> analysis.  I found a total of five such functions, of which I can
> think of possible escalation-to-superuser risk for two.  I did not
> examine contrib although that might be worth doing at some point.

> 1. pg_ls_dir.  I cannot see how this can ever be used to get superuser
> privileges.

> 2. pg_stat_file.  I cannot see how this can ever be used to get
> superuser privileges.

I appreciate your efforts, but, for my part, I still don't agree with
removing the checks from functions which are, essentially, providing
filesystem-level access to non-superusers.  The right way to support
this would be to work through the issues that were already brought up
when Adam and I proposed similar capabilities on this very list,
complete with patches, three years ago:

As it relates specifically to *monitoring* tools, I continue to be the
opinion that we should provide better ways for those tools to get at
the information they need.

> 3. pg_read_binary_file.  This could potentially let you get superuser
> or other privileges.  Most obviously, if you read and parse the
> contents of pg_authid, you might be able to find passwords and then
> break into things.  There might be other methods as well.
> 4. pg_read_file.  Essentially the same risks, although reading data
> files will be a little harder with this function because any NUL byte
> is going to make the read error out.  But given time and determination
> you can probably still ascertain the contents of every byte in the
> database, so the risks are about the same.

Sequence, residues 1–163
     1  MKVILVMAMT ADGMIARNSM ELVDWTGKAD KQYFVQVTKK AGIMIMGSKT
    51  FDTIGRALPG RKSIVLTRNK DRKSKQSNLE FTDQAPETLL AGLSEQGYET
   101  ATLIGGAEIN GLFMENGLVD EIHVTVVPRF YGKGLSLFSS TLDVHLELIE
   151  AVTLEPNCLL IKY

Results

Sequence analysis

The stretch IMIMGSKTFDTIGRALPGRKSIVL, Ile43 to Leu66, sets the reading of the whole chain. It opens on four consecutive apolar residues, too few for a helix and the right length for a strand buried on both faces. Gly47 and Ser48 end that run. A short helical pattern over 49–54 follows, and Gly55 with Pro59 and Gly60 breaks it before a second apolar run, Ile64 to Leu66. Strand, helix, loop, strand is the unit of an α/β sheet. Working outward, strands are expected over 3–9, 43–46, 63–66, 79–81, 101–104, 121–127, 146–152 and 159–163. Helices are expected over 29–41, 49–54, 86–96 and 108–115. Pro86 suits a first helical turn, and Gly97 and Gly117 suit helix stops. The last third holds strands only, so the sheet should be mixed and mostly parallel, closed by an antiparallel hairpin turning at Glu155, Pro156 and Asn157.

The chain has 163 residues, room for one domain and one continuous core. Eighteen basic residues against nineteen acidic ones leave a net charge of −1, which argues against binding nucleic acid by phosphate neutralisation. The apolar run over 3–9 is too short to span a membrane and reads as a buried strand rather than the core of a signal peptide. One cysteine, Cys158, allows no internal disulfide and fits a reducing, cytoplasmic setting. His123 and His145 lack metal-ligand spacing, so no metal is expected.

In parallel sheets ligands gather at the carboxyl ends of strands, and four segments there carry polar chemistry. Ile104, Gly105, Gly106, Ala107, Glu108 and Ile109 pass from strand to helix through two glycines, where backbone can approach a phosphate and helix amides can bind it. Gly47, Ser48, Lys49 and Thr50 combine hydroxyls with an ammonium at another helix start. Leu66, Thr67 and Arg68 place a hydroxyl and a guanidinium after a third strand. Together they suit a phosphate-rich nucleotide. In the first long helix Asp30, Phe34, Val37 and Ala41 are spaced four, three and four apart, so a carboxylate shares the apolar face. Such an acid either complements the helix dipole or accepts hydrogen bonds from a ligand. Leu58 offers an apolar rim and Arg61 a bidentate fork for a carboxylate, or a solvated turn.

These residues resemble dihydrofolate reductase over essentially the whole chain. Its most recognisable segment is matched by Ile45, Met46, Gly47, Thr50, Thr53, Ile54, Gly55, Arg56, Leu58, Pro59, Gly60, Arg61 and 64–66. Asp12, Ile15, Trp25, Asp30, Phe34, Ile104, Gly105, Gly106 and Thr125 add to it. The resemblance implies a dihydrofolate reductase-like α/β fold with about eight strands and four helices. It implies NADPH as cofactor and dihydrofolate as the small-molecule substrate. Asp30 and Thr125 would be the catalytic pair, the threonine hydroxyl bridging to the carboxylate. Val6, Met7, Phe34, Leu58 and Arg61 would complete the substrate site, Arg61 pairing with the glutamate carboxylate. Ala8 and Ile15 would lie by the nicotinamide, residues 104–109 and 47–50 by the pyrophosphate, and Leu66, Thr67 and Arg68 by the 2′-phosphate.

Yes, these are clearly functions which can, in most if not all cases, be
used to get superuser-level access, and I don't believe we do anyone a
service by making it less obvious that it's possible to become a
superuser using them.

> 5. pg_import_system_collations.  There doesn't seem to be any obvious
> way to use this to get superuser privileges, but there might be some
> subtle risk I'm missing.

I haven't looked particularly carefully at it myself.

Why aren't you including the other functions mentioned?  Not including
them, even if they're in contrib, would still end up with things in an
inconssitent state, and it hardly seems like it'd be much effort to go
through the rest of them with equal care.

> Attached is a patch that removes the hard-coded superuser checks from
> all five of these functions, based on the first argument above.

Perhaps unsuprisingly, but you've still not convinced me, so I don't
agree with this change.

> Currently, I count three votes in favor of this approach and one
> opposed.  If anyone else wants to weigh in, please do.  It would be
> helpful if anyone weighing in can be clear about whether (a) they are
> in favor of the patch as proposed, or (b) they are not in favor of the
> patch as proposed but could support a narrower patch that removed the
> checks only from functions with no known escalate-to-superuser risks,
> or (c) they oppose all change.  It would also be helpful if the
> reasons why each person takes the position that they do could be
> mentioned.

I agree that it'd be nice if others would weigh in on this.